Daily Management Review

US Jobless Claims at Second Lowest Level Since Recession, But Nothing Alarming Say Analysts


US Jobless Claims at Second Lowest Level Since Recession, But Nothing Alarming Say Analysts
Joblessness is on the rise in the United States.

US recorded the lowest four-week moving average level since mid-May and the second-lowest since the end of the recession in 2009 as the figure increased by 6,550 to reach 268,250.

The rate of unemployment rose for the second consecutive week according to data released by the published by the Department of Labor on Thursday. The data shows that the number of unemployed increased by 3,000 to reach 270,000in the week ended 1 August.

Analysts had predicted a little lower figure of 265,000.

On the other hand there has been a reduction in the continuing jobless claims in the week to 25 July by 14,000 from the previous week to reach 2.26 million.
“On balance, low trend levels of initial and continuing jobless claims support our view of healthy labor markets," Barclays' analysts said in a communiqué.
"We look for non-farm payroll gains of 200k in tomorrow’s July employment report," noted the communiqué.
There were suggestions of continued tightening of the labor market conditions as the number of

Americans filing new applications for unemployment benefits rose less than as was expected last week. This was a source of relief for the government.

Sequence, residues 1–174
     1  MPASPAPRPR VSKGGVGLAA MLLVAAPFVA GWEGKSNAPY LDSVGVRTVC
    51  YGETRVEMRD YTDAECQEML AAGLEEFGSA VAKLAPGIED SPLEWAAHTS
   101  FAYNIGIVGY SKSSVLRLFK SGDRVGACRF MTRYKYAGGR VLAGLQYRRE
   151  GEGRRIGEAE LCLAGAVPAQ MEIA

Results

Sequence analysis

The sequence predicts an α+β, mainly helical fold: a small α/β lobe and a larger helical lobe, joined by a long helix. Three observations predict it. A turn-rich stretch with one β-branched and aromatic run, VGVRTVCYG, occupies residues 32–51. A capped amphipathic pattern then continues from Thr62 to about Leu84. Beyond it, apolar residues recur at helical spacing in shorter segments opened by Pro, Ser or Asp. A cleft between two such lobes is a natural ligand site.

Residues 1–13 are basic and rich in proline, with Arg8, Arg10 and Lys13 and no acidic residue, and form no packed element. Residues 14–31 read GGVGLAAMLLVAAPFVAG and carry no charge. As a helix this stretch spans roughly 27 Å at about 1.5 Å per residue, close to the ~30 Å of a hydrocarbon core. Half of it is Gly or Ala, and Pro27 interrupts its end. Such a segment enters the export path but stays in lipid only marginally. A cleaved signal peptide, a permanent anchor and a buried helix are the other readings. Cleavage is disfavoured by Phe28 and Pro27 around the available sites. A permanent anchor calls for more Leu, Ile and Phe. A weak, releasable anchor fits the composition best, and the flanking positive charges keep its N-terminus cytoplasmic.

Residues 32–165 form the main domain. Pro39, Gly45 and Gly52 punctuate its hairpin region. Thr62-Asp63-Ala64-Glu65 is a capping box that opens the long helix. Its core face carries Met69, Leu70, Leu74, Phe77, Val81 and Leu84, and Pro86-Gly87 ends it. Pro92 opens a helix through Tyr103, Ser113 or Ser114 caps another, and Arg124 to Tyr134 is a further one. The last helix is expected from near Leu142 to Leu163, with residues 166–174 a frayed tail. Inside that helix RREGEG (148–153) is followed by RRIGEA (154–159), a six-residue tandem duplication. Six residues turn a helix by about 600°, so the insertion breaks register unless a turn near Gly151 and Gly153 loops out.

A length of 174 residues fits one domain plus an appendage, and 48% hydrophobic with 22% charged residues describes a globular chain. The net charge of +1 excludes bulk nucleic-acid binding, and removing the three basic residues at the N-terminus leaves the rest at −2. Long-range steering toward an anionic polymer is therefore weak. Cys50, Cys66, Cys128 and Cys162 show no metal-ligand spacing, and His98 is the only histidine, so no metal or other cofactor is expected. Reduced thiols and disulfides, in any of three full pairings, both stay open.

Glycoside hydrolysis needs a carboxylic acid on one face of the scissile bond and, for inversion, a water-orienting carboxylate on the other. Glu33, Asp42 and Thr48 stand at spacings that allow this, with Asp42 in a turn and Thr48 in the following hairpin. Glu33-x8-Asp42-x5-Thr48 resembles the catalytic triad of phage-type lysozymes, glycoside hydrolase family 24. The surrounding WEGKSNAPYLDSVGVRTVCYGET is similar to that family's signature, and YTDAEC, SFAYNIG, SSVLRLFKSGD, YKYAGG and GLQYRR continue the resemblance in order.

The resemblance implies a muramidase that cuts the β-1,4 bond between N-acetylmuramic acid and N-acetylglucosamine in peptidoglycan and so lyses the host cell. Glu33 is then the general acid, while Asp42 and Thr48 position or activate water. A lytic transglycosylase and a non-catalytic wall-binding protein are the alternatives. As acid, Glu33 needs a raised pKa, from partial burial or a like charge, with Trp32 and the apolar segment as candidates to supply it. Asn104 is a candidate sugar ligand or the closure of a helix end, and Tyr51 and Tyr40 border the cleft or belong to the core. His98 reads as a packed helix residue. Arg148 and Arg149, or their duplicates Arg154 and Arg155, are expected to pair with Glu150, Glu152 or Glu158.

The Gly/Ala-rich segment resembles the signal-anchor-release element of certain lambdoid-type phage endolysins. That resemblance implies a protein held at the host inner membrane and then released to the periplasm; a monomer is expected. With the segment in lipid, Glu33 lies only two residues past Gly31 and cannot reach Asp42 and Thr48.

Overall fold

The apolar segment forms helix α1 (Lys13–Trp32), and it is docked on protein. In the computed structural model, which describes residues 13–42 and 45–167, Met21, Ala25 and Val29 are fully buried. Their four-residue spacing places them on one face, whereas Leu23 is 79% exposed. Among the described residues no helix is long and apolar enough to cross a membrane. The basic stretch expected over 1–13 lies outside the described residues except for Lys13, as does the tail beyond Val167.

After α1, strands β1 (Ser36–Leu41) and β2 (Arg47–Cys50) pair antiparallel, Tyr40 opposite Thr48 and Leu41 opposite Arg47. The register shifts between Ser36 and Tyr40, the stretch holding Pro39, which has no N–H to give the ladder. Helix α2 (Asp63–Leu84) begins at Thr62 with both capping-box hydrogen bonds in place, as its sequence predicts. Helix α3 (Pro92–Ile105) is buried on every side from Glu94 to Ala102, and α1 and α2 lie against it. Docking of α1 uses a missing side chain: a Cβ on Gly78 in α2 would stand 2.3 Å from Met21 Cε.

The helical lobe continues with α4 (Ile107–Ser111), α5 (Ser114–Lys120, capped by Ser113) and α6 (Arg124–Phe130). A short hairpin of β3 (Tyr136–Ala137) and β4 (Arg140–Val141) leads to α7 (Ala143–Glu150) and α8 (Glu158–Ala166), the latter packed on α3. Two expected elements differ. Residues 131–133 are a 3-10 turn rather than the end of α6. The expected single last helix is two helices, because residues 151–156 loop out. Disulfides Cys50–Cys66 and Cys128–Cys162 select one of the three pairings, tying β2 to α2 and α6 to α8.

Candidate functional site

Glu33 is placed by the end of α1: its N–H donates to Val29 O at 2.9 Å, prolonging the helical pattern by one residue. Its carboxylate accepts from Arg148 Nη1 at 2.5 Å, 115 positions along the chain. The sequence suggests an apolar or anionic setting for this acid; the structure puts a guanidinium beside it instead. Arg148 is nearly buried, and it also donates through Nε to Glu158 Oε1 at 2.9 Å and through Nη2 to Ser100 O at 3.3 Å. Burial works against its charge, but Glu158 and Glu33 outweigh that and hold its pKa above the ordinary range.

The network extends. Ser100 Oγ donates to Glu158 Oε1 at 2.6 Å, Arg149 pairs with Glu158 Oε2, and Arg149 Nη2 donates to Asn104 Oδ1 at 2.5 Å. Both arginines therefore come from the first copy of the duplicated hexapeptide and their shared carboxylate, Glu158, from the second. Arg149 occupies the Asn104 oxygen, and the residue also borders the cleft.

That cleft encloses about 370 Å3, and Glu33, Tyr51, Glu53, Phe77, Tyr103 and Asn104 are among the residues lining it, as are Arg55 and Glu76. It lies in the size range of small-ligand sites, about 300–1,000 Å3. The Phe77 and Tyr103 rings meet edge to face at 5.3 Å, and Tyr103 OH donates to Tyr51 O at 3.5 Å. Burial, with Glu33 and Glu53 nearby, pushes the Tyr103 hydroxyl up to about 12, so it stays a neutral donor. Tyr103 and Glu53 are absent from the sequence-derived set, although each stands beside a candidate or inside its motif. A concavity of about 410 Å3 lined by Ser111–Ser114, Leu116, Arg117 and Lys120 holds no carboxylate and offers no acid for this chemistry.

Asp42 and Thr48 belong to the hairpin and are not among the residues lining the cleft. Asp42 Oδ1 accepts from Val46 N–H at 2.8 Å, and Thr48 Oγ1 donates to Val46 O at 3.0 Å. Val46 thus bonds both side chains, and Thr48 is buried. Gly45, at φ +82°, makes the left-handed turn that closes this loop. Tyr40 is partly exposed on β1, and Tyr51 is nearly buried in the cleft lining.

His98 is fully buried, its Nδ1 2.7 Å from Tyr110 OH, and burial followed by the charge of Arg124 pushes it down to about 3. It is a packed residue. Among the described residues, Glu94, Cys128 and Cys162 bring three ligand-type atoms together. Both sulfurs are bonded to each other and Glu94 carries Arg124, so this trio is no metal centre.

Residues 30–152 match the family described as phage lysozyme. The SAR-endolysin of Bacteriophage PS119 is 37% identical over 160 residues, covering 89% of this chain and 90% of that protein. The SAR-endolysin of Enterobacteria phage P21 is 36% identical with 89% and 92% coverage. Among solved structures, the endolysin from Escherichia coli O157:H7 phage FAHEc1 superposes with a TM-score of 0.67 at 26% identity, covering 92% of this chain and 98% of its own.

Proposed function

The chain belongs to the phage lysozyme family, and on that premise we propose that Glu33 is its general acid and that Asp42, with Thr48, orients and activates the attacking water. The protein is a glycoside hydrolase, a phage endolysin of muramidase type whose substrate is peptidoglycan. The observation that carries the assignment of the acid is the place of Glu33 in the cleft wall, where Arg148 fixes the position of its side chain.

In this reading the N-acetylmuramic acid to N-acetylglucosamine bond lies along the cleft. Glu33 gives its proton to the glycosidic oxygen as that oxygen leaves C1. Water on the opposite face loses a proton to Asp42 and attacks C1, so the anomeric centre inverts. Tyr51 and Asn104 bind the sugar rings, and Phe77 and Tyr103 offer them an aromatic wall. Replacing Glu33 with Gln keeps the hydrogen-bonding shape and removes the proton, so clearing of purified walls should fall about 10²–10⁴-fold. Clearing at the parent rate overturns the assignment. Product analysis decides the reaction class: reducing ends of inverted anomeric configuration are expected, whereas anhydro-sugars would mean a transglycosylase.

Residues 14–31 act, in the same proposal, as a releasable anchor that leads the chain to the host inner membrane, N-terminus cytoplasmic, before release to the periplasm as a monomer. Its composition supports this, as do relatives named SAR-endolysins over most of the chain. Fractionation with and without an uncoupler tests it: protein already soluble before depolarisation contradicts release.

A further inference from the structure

Another factor that indicated a possible strengthening of the labor market is the fact that the unemployment claims held below the 300,000 threshold for the 22nd consecutive week.

"The unemployment claims are consistent with continued solid job creation and a reduction in labor market slack over time," said John Ryding, chief economist at RDQ Economics in New York.

Economists had however anticipated the claims to rise to 273,000 last week. The July figures of unemployment were however not affected by the last week’s data. The nonfarm payrolls likely increased by 223,000 last month, matching June's gain, noted Reuters based on a survey of economists.

Despite the slackening of job growth rate when compared to the same period a year ago, the rate of unemployment, though slightly above the 5.0 percent to 5.2 percent range that most Federal Reserve officials consider consistent with full employment, at 5.3 percent.

The Fed is relatively satisfied with the rate of unemployment and the assessment of the job market claiming that the employment gains were "solid" and the slackness in the labor market had diminished "since early this year."

In a report by the global outplacement consultancy Challenger, Gray & Christmas, the firm noted that the planned job cuts by U.S. employers surged 136 percent to near a four-year high of 105,696 workers in July.

More than half of the planned job cuts emanated from the removal of 57,000 troops and civilian employees over the next two years by the U.S. Army.

However economists claim that this would have minimum effect on the labor market from the layoffs of the army as the people serving in the army are not included in the data prepared for the monthly payrolls count.

"When one considers the overall labor force volume as well as the fact that unemployment rates for veterans tend to not be that much different than unemployment rates for non-veterans, the probable impact of the planned job cuts in the army would have almost negligible impact on the labor market even as the proposed number seems big,” said Daniel Silver, an economist at JPMorgan in New York.

The IT sector would also see some job cuts with announcements of 18,891 retrenchments by IT companies like Microsoft, Qualcomm and Intel Corp.

(Source: www.digitallook.com & www.reuter.com) 

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